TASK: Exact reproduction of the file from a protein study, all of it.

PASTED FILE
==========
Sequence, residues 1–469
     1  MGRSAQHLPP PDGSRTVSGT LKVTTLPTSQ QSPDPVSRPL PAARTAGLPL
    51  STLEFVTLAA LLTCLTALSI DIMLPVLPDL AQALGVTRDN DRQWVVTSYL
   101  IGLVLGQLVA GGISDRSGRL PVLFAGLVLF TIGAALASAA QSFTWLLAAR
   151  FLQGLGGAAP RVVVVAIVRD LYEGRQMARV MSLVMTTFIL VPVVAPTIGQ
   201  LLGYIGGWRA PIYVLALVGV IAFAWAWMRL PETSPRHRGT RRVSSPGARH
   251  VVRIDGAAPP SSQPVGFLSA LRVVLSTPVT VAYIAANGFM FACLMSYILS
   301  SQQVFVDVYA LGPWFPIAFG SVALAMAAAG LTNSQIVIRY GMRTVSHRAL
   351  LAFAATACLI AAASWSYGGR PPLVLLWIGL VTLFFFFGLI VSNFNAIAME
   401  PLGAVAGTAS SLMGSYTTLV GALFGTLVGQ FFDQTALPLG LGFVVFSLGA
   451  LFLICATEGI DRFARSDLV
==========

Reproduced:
Sequence, residues 1–469
     1  MGRSAQHLPP PDGSRTVSGT LKVTTLPTSQ QSPDPVSRPL PAARTAGLPL
    51  STLEFVTLAA LLTCLTALSI DIMLPVLPDL AQALGVTRDN DRQWVVTSYL
   101  IGLVLGQLVA GGISDRSGRL PVLFAGLVLF TIGAALASAA QSFTWLLAAR
   151  FLQGLGGAAP RVVVVAIVRD LYEGRQMARV MSLVMTTFIL VPVVAPTIGQ
   201  LLGYIGGWRA PIYVLALVGV IAFAWAWMRL PETSPRHRGT RRVSSPGARH
   251  VVRIDGAAPP SSQPVGFLSA LRVVLSTPVT VAYIAANGFM FACLMSYILS
   301  SQQVFVDVYA LGPWFPIAFG SVALAMAAAG LTNSQIVIRY GMRTVSHRAL
   351  LAFAATACLI AAASWSYGGR PPLVLLWIGL VTLFFFFGLI VSNFNAIAME
   401  PLGAVAGTAS SLMGSYTTLV GALFGTLVGQ FFDQTALPLG LGFVVFSLGA
   451  LFLICATEGI DRFARSDLV